Verna Bloom, who appeared in the 1978 comedy classic “Animal House” and later portrayed Mary in “The Last Temptation of Christ,” has died. She was 80.
Bloom died Wednesday, Jan. 9, in Bar Harbor, Maine, due to complications from dementia, family spokesman Mike Kaplan, told USA Today. She was surrounded by family, including her husband of 49 years, screenwriter Jack Cocks, and their son, Sam.
Bloom’s long career in film, television, and on stage spanned a wide range of roles in drama and comedy. Her career began with her screen debut in Wexler’s documentary-style 1969 film, “Medium Cool.” In it, she portrayed a single mother from West Virginia who gets caught up in the street violence of Chicago’s 1968 Democratic Convention.
Writer-director-cinematographer Wexler inserted Bloom into the violence, and the image of her in a yellow dress searching for her lost son among the protesters, tear gas, tanks, and armed soldiers became an indelible artifact of those divisive times.
“She was not only a wonderful actress, she was fearless,” Wexler once said, according to The Hollywood Reporter. “I was more frightened than she was.”
She was nominated as both best actress and best supporting actress by the National Society of Film Critics for the role, according to USA Today.
— Larry Karaszewski (@Karaszewski) January 10, 2019
While filming “Medium Cool,” Bloom and co-star Marianna Hill were inadvertently caught up in the violence and mayhem surrounding the real-life Democratic National Convention. Hill spoke about it in a 2016 interview with Shaun Chang. One night, after filming, the two were walking in a park and a policeman “came running after us.” He thought they were call-girls “because we had these shapely figures.” When Bloom tried reasoning with the policeman, she ended up being handcuffed while Hill made a run for it.
Two hours later when she arrived at the Sherman House hotel, she got “all these calls and Haskell [Wexler] said, ‘Where have you been? Marianna, have you abandoned Verna?…’We’ve got to bail her out!’ and I said, ‘She did nothing! All we did was take a stroll!’ So it was a big scandal,” she said.
Studs Terkel, who was consulting and advising Wexler during the making “Medium Cool,” wrote “a wonderful story about two girls walking in the park and getting arrested for just being girls. It was a cause célèbre and was in the headlines in the Chicago Sun-Times for about two weeks.”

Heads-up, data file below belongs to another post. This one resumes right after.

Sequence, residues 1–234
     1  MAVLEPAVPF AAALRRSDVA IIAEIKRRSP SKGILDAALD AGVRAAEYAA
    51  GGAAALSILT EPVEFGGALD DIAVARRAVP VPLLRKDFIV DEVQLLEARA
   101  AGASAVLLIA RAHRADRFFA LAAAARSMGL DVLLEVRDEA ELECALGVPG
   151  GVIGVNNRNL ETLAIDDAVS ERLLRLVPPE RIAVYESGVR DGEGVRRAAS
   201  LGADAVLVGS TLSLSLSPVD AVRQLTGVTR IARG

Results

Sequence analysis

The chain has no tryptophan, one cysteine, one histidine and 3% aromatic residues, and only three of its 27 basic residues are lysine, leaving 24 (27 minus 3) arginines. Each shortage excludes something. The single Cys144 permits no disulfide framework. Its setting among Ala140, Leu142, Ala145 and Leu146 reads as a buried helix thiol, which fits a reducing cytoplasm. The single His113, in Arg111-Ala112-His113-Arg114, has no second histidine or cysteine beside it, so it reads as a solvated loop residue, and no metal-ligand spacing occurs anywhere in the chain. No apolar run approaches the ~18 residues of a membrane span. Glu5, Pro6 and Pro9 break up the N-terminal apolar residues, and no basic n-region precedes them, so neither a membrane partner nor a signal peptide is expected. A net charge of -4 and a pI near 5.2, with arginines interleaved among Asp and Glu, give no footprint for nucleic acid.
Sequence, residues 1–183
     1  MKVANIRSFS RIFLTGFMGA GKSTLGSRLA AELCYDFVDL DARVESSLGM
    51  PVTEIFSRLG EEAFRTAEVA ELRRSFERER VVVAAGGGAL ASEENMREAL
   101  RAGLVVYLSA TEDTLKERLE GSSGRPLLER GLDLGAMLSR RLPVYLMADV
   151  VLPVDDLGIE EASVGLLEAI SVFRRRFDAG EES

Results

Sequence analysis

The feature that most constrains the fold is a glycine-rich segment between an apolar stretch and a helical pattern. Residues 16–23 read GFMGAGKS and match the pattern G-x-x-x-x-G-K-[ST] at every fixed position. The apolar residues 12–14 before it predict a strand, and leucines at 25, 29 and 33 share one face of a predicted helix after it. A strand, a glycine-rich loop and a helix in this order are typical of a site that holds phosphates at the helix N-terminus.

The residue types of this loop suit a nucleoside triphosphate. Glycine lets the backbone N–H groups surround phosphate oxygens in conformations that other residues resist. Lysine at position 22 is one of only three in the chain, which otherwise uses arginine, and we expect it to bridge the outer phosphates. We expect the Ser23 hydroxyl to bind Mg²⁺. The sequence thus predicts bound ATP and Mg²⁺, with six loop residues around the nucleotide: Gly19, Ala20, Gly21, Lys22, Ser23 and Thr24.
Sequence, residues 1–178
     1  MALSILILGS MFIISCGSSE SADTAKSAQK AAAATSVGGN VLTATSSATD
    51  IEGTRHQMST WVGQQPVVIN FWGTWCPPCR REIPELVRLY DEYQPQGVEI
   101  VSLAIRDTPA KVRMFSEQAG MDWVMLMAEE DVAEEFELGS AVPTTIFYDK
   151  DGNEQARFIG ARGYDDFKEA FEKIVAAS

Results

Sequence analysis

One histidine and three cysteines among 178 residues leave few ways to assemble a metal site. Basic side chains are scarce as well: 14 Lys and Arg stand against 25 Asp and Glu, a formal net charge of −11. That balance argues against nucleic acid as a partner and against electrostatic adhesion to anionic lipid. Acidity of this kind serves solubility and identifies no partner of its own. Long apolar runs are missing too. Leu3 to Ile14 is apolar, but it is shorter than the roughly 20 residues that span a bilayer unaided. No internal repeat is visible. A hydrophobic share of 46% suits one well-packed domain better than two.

— Hollywood Reporter (@THR) January 11, 2019
Bloom was most famous for her scene-stealing role in the 1978 comedy “Animal House,” playing the wife of Faber College’s Dean Wormer. She also appeared in three films by Martin Scorsese—documentary “Street Scenes 1970,” “The Last Temptation of Christ” (1988) where she played Mary, and in the 1985 comedy, “After Hours.” She was the Clint Eastwood’s love interst in “High Plains Drifter” (1973) and again joined him in “Honkytonk Man” (1982).
On the television side, Bloom was the mother of Linda Blair’s character in the 1975 NBC TV movie “Sarah T.—Portrait of a Teenage Alcoholic.” She also appeared in “The Hired Hand” (1971), directed by and starring Peter Fonda, and Howard W. Koch’s “Badge 373” (1973), starring Robert Duvall.
In The Hired Hand Verna Bloom gives one of my favourite performances of all time. If you haven't seen it remedy that, if you have give it another spin. RIP pic.twitter.com/frtEy6894D
— FILMGRABBER (@filmgrabber) January 10, 2019
According to Variety, she also fulfilled a lifelong dream by starring with Frank Sinatra in the two-part TV film “Contract on Cherry Street” (1977), another NBC movie drama. She also made appearances in “The Equalizer” (1988-1989), “Cagney & Lacey” (1987), “Kojak” (1976), and “Bonanza” (1969), according to IMDb.
Her final appearance was in a 2003 episode of “The West Wing.”
The actress was born Aug. 7, 1938 in Lynn, Mass., and graduated from Boston University in 1959, according to Deadline. After that, she moved to Denver, where she founded a local theater and produced local productions of “Look Back in Anger” and “A Taste of Honey.”
From there, she went on to Broadway, where she debuted in the 1967 “The Persecution and Assassination of Jean-Paul Marat as Performed by the Inmates of the Asylum of Charenton Under the Direction of Marquis De Sade,” also known as Marat/Sade. She starred as Charlotte Corday, according to Variety.
She is survived by her husband Jay Cocks, a former film critic and two-time Oscar-nominated screenwriter for his work on Scorsese’s “The Age of Innocence” (1993), and “Gangs of New York” (2002). The two married in 1972. She is also survived by her son, Sam, a prosecutor in the Special Victims Bureau of the New York County District Attorney’s Office, according to THR.